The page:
Adolescent boys’ physical fighting and adult life outcomes: Examining the interplay with intelligence
Although it is well known that adolescent delinquent behavior is related to poor outcomes in adulthood, longitudinal research on specific acts of delinquency and their interplay with important individual characteristics in predicting future outcomes is scarce. We aimed to examine how physical fighting—one of the most common acts of violent delinquency among adolescent boys—is related to adult life success in several domains, and how intelligence influences these associations. The study used data from 1,083 boys that participated in the population‐based longitudinal Young in Norway Study, following adolescents from 1992 to 2015, by combining self‐reports at four time points with comprehensive information from registers. Results showed that adolescent boys’ physical fighting was associated with poor adult outcomes in the domains of employment, education, and criminal behavior. Associations remained significant even after controlling for conduct problems in general—which isolated the effects of fighting from other delinquent acts—as well as from a variety of other potential confounders. Detailed analyses on the interplay of physical fighting and intelligence showed that some parts of the associations between adolescent boys’ fighting and several adverse adult outcomes could be ascribed to lower intelligence among the fighters. Moreover, intelligence moderated the relationship between physical fighting and adult education. Adolescent fighting was not related to educational attainment among boys with high intelligence, whereas boys with lower intelligence experienced detrimental effects of adolescent fighting. The analyses show the importance of considering adolescent boys’ physical fighting as a potential risk factor for future social marginalization.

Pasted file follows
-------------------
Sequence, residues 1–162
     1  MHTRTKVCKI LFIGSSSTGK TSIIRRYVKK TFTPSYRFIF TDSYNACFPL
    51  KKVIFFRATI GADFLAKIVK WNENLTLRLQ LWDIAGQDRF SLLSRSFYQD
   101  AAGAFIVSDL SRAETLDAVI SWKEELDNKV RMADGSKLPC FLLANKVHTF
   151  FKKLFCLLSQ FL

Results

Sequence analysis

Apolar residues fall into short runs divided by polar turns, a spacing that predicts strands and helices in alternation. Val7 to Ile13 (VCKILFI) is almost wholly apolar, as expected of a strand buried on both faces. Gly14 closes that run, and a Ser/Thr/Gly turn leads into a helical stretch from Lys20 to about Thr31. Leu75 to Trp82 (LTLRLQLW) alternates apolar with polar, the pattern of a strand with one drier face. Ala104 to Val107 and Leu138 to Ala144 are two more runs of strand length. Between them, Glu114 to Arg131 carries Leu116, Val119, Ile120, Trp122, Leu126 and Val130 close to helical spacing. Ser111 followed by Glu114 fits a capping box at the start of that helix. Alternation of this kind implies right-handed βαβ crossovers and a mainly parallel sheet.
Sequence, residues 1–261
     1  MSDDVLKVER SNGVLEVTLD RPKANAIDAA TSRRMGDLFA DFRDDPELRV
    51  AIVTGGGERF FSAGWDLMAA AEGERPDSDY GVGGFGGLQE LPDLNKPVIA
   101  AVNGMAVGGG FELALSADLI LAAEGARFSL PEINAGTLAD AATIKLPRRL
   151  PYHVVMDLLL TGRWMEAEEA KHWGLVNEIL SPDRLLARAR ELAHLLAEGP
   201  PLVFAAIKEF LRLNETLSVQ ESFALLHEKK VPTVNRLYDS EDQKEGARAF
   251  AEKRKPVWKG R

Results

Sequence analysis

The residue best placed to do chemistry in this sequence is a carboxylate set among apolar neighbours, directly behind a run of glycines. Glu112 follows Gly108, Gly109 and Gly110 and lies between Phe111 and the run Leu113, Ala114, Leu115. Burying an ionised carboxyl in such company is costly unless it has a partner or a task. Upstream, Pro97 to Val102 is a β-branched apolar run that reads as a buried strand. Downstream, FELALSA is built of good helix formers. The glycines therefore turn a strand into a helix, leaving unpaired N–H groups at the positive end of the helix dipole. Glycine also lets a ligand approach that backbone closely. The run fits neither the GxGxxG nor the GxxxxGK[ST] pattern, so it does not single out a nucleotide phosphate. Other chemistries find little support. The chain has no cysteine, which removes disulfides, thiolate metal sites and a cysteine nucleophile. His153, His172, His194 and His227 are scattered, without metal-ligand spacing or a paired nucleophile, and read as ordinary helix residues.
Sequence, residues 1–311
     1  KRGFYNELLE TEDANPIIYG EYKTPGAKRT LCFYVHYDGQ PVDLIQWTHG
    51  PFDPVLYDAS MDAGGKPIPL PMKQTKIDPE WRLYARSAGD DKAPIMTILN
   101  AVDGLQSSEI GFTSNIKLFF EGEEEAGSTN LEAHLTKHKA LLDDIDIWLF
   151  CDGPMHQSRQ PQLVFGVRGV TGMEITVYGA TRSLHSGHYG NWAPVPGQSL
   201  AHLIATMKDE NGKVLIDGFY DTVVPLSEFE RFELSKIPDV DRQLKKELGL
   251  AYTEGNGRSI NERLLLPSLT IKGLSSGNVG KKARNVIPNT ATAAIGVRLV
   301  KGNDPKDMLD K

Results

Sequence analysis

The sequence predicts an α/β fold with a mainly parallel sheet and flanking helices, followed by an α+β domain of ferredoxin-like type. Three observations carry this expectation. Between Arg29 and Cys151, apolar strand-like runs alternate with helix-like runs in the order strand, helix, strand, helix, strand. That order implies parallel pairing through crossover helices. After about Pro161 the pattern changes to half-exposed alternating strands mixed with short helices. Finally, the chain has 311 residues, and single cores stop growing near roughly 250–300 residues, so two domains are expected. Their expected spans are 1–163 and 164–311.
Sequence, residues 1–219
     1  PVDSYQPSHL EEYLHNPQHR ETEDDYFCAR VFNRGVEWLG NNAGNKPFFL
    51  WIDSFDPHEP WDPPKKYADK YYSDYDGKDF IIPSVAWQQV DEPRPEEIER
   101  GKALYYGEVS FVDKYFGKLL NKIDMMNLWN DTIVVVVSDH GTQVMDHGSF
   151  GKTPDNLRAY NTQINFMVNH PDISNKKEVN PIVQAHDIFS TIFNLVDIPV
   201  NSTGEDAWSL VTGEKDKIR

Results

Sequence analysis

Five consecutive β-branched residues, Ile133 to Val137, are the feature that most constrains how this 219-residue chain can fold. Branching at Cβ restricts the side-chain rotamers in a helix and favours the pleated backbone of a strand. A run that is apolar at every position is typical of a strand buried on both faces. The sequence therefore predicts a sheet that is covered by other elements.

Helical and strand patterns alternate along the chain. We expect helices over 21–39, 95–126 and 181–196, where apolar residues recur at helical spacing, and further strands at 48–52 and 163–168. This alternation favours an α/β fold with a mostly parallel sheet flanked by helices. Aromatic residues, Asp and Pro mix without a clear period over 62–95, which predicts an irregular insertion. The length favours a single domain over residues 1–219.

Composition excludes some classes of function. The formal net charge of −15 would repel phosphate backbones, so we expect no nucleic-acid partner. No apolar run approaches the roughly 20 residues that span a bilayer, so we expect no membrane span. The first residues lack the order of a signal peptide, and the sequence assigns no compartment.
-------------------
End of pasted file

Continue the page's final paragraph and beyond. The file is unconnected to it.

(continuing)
Frøyland, Lars Roar
von Soest, Tilmann
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